Police said 10 minutes later, officers found the 15-year-old critically wounded by gunfire more than two miles away, at Wheeler Road and Mississipp­i Avenue in Congress Heights.

A police spokesman said investigat­ors believe the teenager was shot on Bruce Place and driven in a vehicle to where he was found.

Police said they did not know if the youth was in the vehicle when he was shot. Attempts to reach the teenager’s relatives were unsuccessf­ul Wednesday. Two other teens — ages 13 and 17 — have been shot and killed this year.

D.C.’S mayor and police chief have said they are trying to rebuild a force that has lost hundreds of officers, and they have at times found themselves at odds with a liberal D.C. Council. Bowser herself vetoed the criminal code overhaul, which police and others objected to, though the council overrode her before federal lawmakers stepped in.

Proponents of the overhaul argue that criticism of the sentencing changes are overblown. The bill, they say, brings technical maximum penalties in line with what judges had been handing down all along, and in some cases increases penalties for crimes involving firearms.

But even many Democrats opposed the measure and were willing to reject the idea that D.C. should govern its own affairs to stop it. Demonstrat­ors supporting home rule gathered outside the Capitol on Wednesday afternoon, and police said they made more than a dozen arrests.

Despite vetoing the bill, Bowser ultimately urged Congress to stay out of local affairs. President Biden has said he would sign the resolution to block the bill.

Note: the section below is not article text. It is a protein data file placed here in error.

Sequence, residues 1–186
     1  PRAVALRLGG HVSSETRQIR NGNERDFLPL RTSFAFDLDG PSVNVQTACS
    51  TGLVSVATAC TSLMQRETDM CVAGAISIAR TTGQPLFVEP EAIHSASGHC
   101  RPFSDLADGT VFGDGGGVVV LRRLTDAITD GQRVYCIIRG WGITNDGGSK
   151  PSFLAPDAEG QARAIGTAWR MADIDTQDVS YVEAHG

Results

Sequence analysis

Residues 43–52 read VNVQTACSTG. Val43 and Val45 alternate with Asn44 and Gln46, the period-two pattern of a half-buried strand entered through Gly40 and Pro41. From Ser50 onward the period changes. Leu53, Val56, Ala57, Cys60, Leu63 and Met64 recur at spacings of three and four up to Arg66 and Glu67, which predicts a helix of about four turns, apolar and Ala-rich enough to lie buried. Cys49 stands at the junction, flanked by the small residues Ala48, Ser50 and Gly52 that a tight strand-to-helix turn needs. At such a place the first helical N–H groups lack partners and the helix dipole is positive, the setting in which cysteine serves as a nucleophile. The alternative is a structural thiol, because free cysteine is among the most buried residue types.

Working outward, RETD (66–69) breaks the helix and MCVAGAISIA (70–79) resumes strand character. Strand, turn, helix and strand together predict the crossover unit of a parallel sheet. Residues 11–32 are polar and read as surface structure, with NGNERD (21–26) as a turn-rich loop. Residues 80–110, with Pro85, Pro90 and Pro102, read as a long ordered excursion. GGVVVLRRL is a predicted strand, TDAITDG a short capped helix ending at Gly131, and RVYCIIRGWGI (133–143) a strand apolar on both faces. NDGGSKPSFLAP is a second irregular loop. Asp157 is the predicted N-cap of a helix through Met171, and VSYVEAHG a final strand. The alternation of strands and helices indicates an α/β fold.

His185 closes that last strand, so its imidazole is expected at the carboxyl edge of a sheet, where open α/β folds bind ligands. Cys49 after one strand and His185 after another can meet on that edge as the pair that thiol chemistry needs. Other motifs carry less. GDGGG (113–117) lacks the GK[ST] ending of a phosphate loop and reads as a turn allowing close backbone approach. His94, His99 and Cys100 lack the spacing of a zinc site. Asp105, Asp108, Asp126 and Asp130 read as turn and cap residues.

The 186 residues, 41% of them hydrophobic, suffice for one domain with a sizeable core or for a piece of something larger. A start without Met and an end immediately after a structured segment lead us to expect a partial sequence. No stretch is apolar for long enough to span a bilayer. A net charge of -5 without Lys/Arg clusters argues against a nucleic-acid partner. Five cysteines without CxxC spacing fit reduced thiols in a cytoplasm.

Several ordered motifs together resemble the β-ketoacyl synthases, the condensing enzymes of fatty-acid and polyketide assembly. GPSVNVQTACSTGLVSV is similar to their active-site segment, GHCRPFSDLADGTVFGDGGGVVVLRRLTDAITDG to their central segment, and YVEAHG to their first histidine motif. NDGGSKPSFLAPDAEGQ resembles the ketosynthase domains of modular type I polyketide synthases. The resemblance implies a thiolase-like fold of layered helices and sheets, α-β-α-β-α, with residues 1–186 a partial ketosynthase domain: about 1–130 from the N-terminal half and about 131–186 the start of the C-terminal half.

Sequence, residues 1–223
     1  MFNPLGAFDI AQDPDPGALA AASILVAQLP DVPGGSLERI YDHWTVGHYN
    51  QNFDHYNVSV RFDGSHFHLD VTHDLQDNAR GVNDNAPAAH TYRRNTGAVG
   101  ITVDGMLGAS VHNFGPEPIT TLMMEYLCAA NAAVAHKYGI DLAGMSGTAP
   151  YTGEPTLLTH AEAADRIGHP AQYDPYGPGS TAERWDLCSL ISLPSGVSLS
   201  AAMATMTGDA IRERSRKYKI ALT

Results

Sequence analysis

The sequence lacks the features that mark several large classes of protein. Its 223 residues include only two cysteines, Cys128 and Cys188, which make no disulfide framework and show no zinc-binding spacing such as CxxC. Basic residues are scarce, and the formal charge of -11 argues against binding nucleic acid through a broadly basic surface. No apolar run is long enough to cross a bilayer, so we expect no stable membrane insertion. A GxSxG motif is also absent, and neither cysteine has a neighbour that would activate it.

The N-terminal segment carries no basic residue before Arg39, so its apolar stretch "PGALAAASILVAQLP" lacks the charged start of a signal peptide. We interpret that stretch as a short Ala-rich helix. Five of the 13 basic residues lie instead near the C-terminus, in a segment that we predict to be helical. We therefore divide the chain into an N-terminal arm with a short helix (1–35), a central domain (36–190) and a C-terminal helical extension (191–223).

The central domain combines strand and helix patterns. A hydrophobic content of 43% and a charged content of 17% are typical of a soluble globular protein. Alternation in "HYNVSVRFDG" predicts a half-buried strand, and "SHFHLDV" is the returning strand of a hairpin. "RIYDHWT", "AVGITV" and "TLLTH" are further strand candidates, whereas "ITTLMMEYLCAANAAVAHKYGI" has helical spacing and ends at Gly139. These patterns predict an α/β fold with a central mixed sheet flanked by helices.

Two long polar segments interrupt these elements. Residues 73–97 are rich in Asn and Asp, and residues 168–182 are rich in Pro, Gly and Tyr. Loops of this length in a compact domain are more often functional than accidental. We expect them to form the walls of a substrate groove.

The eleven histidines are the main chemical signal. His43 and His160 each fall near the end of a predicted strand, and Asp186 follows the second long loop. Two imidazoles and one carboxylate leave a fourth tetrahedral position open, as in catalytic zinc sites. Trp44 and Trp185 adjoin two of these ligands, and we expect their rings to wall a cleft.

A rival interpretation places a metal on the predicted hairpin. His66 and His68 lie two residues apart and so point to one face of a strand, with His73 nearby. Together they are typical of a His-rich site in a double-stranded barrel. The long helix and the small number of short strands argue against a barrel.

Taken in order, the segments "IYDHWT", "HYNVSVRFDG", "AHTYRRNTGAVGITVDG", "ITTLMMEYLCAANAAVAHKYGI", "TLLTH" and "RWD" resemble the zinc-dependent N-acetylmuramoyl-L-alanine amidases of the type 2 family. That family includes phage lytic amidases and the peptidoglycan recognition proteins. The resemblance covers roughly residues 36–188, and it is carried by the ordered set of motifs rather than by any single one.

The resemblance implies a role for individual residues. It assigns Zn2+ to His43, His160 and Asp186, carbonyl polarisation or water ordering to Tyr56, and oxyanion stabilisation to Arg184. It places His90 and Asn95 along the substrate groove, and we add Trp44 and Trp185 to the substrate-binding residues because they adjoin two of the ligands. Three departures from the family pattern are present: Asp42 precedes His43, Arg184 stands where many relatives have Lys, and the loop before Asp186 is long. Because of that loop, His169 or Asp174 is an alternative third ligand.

At the end of a news conference at the community walk in Petworth, neighborho­od resident Michelle Engert told the mayor that people “are afraid of this community now” and that her elderly neighbors won’t take the bus.

Bowser noted her administra­tion had made investment­s in alternativ­e justice programs, and described her approach to crime fighting as “prevention, opportunit­y, enforcemen­t.” But, she said: “In order for prevention and opportunit­y to work, enforcemen­t has to work. There has to be consequenc­es, and right now we’re lacking in consequenc­es.”

Moments later, Engert, a former federal assistant public defender in Maryland, said in an interview: “I know what consequenc­es look like, and I know what a lack of opportunit­y looks like. But I also know what it’s like to live here and be scared to go to the grocery store, or use the Metro or the bus.”

“I know what a lack of opportunit­y looks like. But I also know what it’s like to live here and be scared to go to the grocery store, or use the Metro or the bus.” Michelle Engert, Petworth resident

 ?? BILL O’leary/the Washington POST ?? D.C. Mayor Muriel E. Bowser (D) discusses increased crime at a news conference in the Petworth neighborho­od.
BILL O’leary/the Washington POST D.C. Mayor Muriel E. Bowser (D) discusses increased crime at a news conference in the Petworth neighborho­od.